Millennials and interns will bolster public sector workforces
A growing number of public sector workers are retiring. One source predicts that in less than a decade, nearly 40 percent of the public-sector workforce may retire.
Bob Kittle, an Auburn Hills, Mich., councilman since 2002, says it’s time for local governments to take action as their long-term workers head for the exits. “Considering the loss of institutional knowledge that will result as a natural phenomenon of the workforce exodus, local leaders must move succession planning to the top of their strategic goals if they have not already done so.” He says retiree replacements for key government jobs such as finance directors, assessors and administrators are already in short supply.
Kittle says policymakers will need to consider implementing consolidation and outsourcing to ensure important municipal tasks are completed. “Think of where we’ll be when those who understand water and sewer systems leave. An organizational vacuum will soon be staring us in the face if we haven’t identified successors or created a plan,” Kittle tells Co-op Solutions.
He believes progressive and larger communities are relying on college internship programs to recruit new staffers, find more potential career candidates and keep up with their growing workloads.
He says it’s important that interns have dedicated mentors within the government entity. “Giving them a desk and a phone but then not allowing them to dig into real issues and work with real data is a misguided internship program.” He says that interns that have to coordinate the state of the city or summer fest events are less likely to become good administrators over those that are tasked with working financial reports, studying data or developing a capital plan.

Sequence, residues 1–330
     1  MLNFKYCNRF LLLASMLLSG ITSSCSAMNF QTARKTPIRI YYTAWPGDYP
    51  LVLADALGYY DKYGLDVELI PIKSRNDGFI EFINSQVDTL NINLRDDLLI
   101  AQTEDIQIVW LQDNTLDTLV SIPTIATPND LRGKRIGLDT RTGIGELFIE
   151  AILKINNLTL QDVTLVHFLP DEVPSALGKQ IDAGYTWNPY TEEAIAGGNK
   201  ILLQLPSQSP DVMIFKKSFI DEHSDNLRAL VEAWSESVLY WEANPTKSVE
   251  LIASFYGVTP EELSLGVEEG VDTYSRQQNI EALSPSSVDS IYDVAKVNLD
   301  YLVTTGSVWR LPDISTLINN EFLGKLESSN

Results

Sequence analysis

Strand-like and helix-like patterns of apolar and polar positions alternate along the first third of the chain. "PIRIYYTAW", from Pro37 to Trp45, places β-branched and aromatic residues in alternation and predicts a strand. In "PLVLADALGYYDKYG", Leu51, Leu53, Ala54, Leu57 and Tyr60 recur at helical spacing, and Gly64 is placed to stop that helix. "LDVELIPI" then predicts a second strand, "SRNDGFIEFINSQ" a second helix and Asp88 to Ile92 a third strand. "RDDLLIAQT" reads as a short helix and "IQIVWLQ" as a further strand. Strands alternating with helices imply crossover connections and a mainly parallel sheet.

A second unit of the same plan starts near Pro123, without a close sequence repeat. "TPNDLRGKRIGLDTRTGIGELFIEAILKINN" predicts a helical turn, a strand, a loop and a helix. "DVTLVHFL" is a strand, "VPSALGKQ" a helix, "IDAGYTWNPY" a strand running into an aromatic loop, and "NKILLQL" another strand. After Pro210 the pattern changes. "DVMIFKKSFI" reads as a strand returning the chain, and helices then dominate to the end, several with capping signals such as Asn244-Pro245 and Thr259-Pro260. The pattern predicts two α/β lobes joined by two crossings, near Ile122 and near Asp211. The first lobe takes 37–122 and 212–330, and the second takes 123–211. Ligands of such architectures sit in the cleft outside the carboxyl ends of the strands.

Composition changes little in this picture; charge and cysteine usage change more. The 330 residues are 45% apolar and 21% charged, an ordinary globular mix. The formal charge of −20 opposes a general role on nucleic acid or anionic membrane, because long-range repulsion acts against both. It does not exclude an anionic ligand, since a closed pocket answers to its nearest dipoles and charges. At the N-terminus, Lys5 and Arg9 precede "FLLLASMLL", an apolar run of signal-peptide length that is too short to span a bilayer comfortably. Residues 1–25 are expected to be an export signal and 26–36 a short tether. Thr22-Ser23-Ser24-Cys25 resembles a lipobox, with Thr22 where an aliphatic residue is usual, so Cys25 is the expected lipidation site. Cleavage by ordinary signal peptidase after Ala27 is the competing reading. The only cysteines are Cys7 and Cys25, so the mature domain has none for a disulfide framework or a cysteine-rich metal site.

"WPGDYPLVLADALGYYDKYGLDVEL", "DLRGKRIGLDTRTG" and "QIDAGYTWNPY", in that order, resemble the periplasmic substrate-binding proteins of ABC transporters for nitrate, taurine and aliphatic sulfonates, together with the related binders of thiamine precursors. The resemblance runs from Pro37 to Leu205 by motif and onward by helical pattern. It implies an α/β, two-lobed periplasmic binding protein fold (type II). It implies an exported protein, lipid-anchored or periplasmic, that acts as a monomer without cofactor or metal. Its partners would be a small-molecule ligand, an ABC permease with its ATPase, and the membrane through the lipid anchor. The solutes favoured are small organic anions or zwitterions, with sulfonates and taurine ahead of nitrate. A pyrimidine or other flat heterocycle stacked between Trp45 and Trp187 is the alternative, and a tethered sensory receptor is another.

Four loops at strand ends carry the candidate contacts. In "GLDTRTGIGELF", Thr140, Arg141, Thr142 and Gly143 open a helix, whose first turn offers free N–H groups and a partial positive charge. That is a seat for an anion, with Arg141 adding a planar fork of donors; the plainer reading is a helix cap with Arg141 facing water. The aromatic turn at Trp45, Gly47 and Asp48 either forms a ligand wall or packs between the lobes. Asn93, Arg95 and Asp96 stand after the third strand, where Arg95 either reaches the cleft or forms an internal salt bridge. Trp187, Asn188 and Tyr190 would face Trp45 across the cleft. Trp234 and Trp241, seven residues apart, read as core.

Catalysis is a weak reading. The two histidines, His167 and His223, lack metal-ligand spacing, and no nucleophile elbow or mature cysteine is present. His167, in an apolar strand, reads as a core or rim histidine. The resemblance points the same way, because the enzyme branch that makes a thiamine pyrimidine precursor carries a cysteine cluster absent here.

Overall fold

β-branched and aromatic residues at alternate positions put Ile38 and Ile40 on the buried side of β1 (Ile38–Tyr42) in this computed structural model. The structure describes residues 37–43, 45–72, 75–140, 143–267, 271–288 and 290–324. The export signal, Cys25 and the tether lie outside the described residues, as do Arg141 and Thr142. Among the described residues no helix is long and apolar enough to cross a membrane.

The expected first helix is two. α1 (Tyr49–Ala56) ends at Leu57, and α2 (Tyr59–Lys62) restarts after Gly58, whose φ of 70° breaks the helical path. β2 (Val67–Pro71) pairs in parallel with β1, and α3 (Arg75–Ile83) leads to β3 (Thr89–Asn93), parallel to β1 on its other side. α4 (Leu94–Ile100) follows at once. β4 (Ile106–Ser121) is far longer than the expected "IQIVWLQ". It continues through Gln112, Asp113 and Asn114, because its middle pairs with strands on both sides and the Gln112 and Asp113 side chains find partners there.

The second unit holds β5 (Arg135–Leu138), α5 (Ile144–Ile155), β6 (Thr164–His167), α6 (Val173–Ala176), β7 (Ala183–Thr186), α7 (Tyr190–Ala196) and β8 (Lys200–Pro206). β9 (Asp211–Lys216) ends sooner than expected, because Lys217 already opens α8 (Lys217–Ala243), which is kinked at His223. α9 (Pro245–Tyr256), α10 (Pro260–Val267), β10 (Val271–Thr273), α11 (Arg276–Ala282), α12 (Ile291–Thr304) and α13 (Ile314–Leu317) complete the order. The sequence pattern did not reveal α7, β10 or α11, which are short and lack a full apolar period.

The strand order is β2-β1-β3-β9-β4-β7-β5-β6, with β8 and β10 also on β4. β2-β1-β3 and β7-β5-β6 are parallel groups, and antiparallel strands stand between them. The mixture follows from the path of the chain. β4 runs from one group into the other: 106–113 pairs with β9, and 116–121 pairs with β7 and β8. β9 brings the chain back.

Kittle hopes that administrative interns in government get some exposure to the purchasing function. It would be great, he says, if the interns spent a few weeks in procurement and were asked to analyze the budget/spend and top 20 vendors to look for opportunities. He says negotiations training would be valuable to those interns.
Just as important are the differences between the work tools of the incoming generation of government employees and those retiring. Kittle offers this scenario. “Imagine a new finance director coming in to replace a 30-year veteran. Where are the files located? Were the previous person’s naming and filing conventions logical? Will the new employee even be able to figure out or reverse-engineer convoluted Excel files whose data integrity and formulas have no checks and balances?” Kittle says the questions will be endless for the new finance hire. These can include: “Where are the debt work papers? Capital plans? Budget documents? Personnel summaries?” Kittle concludes: “Microsoft Excel has been a great tool for working professionals, but it is not a sustainable product to withstand the sands of time.”
New, younger hires use different tools, Kittle says. “Millennials, the NextGen municipal workers, use cloud-based apps, mobile devices, Google Docs or other technology alternatives that the baby boomer generation hasn’t come to rely on. They also want instant gratification. Turn it on and voila, there it is,” Kittle says.
Read another story about the coming Silver Tsunami of local government retirements here.
Michael Keating is senior editor for American City & County and the GPN web site. Contact: firstname.lastname@example.org